By now, you've probably realized that we're genuinely doing it all here at Super Spy Me. And of all the real life adventures this writer has undertaken so far, making an helicopter hover is one of the toughest.
There's a lot to deal with and compute at the same time, if you want to stay in the air.
And you really, really want to stay in the air.
At this stage you control the yaw pedals, the stick and the collective. Every single, minuscule twitch of the stick requires immediate interaction with all of the other controls.
In retrospect, it wasn't all that tough to handle altitude, speed and turns. These lessons were pretty straightforward.
At an altitude of two thousand feet, a ten foot drop is not all that bad. Stressful, but not that bad. But a ten foot drop is a whole new shooting match at an altitude of ten feet.
If you lose it while you're hovering at 10 feet, you could damage or destroy an expensive helicopter and still have enough havoc left over to kill yourself and your instructor.
Thanks to my instructor's sterling character and determination, I managed to overcome my stress and retain control.
The first hovering exercise happened last winter at Saint Hubert airport. It was snowing lightly, the air was thick and you could feel your breath freezing almost before it left your body. Since I'd just traveled back from the Middle-East, the cold had extra bite.
The plan for the day was to practice hovering and translations. One of the key abilities of a helicopter is to be able to stay still, so that you can reach places and provide logistic support to remote camps and sites otherwise unavailable to planes or sometimes cars and trucks.
Hovering is an important milestone in learning to pilot an helicopter. It represents the pinnacle of control over the machine. If you can hover, that says "I tamed the beast!" in big flashy letters on your pedigree. From then on, just like levels in a video game, it unlocks a bunch of possibilities and options.
Everything requires the ability to hover. I guess you get the point : piloting a helicopter is to hovering what standing up is to walking.
A soon as the blades started spinning the snow flew up from the helipad and enveloped us in a tornado of white. We could barely see. It's scary at first, but the effect tapers off as you gain some altitude.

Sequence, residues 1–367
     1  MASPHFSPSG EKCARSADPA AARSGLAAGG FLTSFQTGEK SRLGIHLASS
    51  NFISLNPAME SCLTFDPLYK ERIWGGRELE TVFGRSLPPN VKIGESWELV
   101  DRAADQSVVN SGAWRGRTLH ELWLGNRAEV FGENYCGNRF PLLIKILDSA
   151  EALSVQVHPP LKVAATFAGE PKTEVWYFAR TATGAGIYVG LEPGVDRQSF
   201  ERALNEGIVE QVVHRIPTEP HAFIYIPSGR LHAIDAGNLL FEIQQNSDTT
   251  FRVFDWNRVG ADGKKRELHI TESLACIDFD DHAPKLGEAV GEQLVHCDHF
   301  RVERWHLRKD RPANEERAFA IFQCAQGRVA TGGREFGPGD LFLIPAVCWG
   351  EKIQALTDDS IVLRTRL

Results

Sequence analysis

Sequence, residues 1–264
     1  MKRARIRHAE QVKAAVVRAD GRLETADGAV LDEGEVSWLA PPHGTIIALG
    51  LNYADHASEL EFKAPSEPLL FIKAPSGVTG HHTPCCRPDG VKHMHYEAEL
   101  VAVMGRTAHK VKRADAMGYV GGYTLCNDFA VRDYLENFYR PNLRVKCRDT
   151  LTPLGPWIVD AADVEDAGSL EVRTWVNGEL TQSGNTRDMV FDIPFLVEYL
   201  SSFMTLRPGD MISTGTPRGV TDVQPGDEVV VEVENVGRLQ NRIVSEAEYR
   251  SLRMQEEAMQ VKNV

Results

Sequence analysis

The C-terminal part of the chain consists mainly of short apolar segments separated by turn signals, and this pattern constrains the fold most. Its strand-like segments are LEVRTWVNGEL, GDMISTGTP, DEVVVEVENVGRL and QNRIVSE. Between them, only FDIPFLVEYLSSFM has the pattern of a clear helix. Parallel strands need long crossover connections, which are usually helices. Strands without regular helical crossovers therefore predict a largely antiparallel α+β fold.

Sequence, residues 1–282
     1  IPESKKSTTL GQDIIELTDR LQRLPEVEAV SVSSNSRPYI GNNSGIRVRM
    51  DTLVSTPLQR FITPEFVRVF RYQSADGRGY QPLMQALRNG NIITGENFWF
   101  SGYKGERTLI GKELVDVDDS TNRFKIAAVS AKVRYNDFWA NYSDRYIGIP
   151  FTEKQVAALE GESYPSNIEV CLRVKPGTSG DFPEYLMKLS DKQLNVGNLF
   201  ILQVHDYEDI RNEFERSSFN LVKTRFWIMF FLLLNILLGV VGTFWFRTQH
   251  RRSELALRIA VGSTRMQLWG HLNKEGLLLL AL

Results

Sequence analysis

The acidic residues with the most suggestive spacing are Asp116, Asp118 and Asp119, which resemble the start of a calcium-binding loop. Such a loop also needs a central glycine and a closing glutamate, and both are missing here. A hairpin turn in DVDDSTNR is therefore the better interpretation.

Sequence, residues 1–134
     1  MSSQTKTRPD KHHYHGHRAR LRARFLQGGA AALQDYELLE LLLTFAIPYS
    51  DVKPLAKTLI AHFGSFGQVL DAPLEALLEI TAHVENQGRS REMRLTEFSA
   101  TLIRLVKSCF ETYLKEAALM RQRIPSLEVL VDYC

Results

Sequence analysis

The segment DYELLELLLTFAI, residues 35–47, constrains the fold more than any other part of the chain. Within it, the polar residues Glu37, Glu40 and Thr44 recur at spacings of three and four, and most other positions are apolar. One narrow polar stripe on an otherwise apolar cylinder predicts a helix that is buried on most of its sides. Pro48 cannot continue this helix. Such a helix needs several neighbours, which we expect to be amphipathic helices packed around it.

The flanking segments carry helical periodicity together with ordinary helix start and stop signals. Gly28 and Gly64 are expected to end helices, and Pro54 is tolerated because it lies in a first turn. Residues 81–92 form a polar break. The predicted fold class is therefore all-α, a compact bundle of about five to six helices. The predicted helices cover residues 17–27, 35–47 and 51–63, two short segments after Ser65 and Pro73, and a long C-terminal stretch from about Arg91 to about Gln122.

Now, like a Sioux boy facing the rites of passage of his tribe, I was about to tame the beast and become a man, or at least a pilot. This was my moment of truth and I was very excited. Everything else I'd learned at Flight School had brought me to this point. I knew there was another 90 hours of flying time required for the full licence, but that didn't matter. This was the first important milestone.
I got the approach fairly well, right on target. Then the fun started... My instructor held the craft it in place as he gave me instructions. "Keep it about ten feet high and try to keep the nose pointing at those hangars in front of you". There was a very strong wind coming from that direction. I could feel it buffeting the helicopter. I'm thinking: "Wow, it really had to be today, hadn't it?"
I got into position and he went on : "Right, remember to use the pedals to keep your nose pointing in that direction. Stay at hovering altitude and focus"
The truth is that I'm a bit quirky. My pride can't let me accept failure easily. I fought hard, very hard.
My instructor was equally hard on me, but now I'm grateful for this.
"You're losing it!" he shouted.
"Watch you altitude, we're too low!"
"Don't jerk the stick!"
At first it was building tension and I got even more stressed and was overcompensating really bad. The helo would move forward and start ditching, rattled by a sudden side wind. I reacted the best I could but pulled the stick back, way too much. The tail rotor nearly grinded up the tarmac.
I thought : “That's it. Game over.”
Instead of taking the control back and stabilizing the aircraft into position, he said authoritatively :
"YOU bring it back NOW!"
This is when you realize you've got to get a grip, focus, and breathe if you want to have a chance of doing that. I was upset with myself for losing it.
"Stop using your thumbs, you don't need them here. Keep it smooth. You don't need to push and pull like that."
As I folded my thumbs out of the way I understood what he means. By pulling just slightly, the aircraft stopped swinging around, stabilizing itself. I still had a bit of an issue with the collective but I was getting there. After 10 minutes that felt like forever, I was more confident.
I wasn't thinking about using my feet anymore. I didn't have to think about the collective too much either. Except for a couple minor reflexive hiccups I manage to stay put.
That's what I meant about the fun beginning : I completely lost track of time. I was so totally absorbed by the here and now that I couldn't say how long that last part of the class went on.
I remember a drill about moving sideways 15 feet sideways, then right. Back and forth.
I remember spinning the chopper slowly both ways, then an exercise that had me following a line on the ground.
After a while, mission accomplished! Back to base.